The Golden Compass (1995, Northern Lights in the U.K.) by Philip Pullman is number 28 on the Top 100 Chapter Books list. Sometimes I think that a series book is appropriately listed separately on the list because it’s either the best in the series or is a fantastic standalone. But, in cases like this one, I think that the book is likely a stand-in by voters for the entire series. The His Dark Materials series works best when all three books are read together and they are all rather good.
What it’s about: Lyra Belacqua is an orphan who lives at Jordan College in Oxford (in a world that is not quite ours), always accompanied by her daemon, Pantalaimon. In Lyra’s world, daemons are bosom companions (souls) that take animal form and are changeable when one is a child but choose a fixed form during puberty. Lyra spies one day on the leaders of Jordan College and her uncle, Lord Asriel, and finds out about an elementary particle called “dust” and about another world that exists across the Aurora Borealis. Lyra soon finds herself fighting against a sinister plot to change her world as she knows it, but she also finds that she isn’t alone when she gains assistance from some very unexpected companions.
Age level: Grade 5+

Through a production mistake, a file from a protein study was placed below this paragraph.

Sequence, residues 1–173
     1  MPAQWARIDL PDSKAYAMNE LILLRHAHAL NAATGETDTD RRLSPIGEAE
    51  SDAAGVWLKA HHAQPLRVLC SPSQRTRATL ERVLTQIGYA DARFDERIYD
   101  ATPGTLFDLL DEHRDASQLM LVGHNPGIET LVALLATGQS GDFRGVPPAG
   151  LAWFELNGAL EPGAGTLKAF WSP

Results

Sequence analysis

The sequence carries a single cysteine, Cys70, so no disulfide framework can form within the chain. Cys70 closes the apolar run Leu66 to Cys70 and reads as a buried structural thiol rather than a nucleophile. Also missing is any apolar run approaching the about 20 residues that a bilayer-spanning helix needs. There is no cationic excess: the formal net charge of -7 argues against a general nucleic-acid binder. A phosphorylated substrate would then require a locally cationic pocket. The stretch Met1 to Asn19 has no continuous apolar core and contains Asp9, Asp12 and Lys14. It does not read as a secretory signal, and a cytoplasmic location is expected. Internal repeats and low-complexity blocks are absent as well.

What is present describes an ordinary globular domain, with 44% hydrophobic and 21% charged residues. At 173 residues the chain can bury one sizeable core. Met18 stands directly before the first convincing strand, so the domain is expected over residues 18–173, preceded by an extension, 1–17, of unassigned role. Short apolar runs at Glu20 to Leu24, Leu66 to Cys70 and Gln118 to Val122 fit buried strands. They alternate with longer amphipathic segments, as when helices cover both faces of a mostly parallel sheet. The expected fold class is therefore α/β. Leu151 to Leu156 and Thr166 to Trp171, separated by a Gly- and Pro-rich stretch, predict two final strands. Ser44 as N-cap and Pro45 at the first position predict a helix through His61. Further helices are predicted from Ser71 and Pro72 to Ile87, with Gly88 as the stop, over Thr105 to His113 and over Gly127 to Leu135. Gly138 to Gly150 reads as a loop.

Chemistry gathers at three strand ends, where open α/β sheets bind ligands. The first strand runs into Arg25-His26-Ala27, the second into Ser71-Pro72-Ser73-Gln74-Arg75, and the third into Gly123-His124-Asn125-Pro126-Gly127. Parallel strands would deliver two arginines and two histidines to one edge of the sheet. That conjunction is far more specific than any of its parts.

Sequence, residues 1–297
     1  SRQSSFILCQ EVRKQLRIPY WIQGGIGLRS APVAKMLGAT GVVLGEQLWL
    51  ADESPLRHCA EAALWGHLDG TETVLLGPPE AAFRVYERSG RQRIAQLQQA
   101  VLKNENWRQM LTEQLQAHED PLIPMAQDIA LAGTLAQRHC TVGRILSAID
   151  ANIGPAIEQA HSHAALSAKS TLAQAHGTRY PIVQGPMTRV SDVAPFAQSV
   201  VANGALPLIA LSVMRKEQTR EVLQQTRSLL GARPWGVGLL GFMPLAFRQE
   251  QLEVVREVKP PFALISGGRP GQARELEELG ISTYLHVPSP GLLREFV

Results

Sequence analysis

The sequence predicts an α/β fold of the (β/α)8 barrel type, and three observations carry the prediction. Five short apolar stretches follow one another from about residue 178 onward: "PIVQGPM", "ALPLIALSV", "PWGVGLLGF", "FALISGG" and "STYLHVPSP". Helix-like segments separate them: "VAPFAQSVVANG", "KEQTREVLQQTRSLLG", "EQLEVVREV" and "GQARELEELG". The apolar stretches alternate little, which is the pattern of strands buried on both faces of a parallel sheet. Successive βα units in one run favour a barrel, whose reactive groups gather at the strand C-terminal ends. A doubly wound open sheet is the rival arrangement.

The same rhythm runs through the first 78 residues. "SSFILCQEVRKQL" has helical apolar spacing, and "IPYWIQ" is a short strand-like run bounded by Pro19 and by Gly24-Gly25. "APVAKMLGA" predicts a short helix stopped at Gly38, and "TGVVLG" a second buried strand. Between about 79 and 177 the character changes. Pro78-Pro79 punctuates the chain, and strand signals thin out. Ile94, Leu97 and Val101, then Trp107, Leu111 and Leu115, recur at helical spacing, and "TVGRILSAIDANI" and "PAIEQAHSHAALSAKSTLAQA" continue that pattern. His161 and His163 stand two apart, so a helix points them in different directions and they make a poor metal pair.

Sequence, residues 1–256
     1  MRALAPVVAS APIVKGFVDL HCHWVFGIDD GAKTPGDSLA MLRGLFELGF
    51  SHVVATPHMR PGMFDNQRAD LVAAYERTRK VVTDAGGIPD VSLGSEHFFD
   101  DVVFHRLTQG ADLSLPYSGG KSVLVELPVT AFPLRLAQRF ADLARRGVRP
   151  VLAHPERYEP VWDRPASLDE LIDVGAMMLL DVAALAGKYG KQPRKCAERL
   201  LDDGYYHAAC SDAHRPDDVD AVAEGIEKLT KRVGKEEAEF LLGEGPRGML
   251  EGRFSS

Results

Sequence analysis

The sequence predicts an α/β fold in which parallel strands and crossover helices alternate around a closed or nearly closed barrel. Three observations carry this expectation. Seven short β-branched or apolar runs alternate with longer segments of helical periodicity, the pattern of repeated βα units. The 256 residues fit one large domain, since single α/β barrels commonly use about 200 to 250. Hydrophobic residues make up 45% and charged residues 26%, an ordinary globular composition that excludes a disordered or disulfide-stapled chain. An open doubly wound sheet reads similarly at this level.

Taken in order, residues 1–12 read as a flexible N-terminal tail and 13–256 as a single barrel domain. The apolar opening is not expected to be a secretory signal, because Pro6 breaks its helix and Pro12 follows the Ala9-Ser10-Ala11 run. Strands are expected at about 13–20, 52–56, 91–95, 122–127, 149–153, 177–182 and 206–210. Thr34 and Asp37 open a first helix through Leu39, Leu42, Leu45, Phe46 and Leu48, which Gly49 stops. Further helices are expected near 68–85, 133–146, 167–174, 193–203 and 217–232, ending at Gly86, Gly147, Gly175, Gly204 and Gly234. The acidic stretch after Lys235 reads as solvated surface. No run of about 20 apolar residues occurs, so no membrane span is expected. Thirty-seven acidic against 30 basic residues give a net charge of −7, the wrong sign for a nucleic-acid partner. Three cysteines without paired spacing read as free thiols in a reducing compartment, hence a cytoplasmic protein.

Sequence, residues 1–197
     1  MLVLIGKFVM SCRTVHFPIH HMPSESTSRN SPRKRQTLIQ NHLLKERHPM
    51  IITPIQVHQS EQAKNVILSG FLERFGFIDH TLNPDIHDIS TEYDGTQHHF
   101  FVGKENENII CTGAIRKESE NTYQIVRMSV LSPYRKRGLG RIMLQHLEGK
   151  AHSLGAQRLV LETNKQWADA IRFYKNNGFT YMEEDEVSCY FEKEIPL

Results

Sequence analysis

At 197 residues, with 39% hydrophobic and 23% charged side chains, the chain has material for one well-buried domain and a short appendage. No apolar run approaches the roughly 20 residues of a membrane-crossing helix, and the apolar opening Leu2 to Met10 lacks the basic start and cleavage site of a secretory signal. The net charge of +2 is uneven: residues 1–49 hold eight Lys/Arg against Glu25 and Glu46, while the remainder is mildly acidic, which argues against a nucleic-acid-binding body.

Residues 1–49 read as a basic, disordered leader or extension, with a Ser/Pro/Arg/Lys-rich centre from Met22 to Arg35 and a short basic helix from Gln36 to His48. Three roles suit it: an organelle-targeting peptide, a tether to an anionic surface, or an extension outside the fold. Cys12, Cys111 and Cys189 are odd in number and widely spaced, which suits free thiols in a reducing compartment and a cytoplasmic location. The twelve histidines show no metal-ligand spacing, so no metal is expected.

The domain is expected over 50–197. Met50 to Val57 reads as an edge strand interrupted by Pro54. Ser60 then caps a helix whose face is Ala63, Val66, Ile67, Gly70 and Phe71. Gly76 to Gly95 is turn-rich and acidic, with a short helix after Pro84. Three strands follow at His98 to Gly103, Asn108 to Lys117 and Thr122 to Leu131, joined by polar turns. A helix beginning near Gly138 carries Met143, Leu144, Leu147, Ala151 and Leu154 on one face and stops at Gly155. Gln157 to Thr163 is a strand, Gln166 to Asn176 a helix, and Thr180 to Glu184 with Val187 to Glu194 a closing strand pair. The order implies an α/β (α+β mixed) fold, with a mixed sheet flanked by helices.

Best part: Lyra is simply amazing. She’s smart and capable and headstrong but she’s also human and she makes several very tough decisions and is willing to face the consequences to help others. Iorek Byrnison, Serafina Pekkala and Farder Coram are also outstanding characters with depth, flaws and very individual world views.
Worst part: This series is constantly challenged or banned. The reasons touch on politics, religion, and violence. The truth is that this is a book that encourages readers to question authority (especially religious and political authority), to make informed decisions based on science and fact, and to protect those things that are important parts of our core beings and our environment. The likely true reason for so many challenges is that Pullman is a secular humanist.
This was a reread for me and I did it on audiobook with a great full-cast version. I’m on the library waiting list now for the audiobook of The Subtle Knife, book two in the series because I can’t remember everything that comes next in the story. I loved this portion of the tale as much as I did when I read the series a few years back. The characters are so vivid and the plot is intense and compelling. It’s an incredibly thoughtful and substantial book which I’m sure dozens of students have analyzed over the years.
Next up is The Little Prince by Antoine de Saint-Exupery. This is a re-read for me and it’s a short story so I would like to spend a little time doing some background research and reading on the author along with reading the story itself. There will also be a movie coming out later this year so if anyone hasn’t read this and wants to join me, feel free!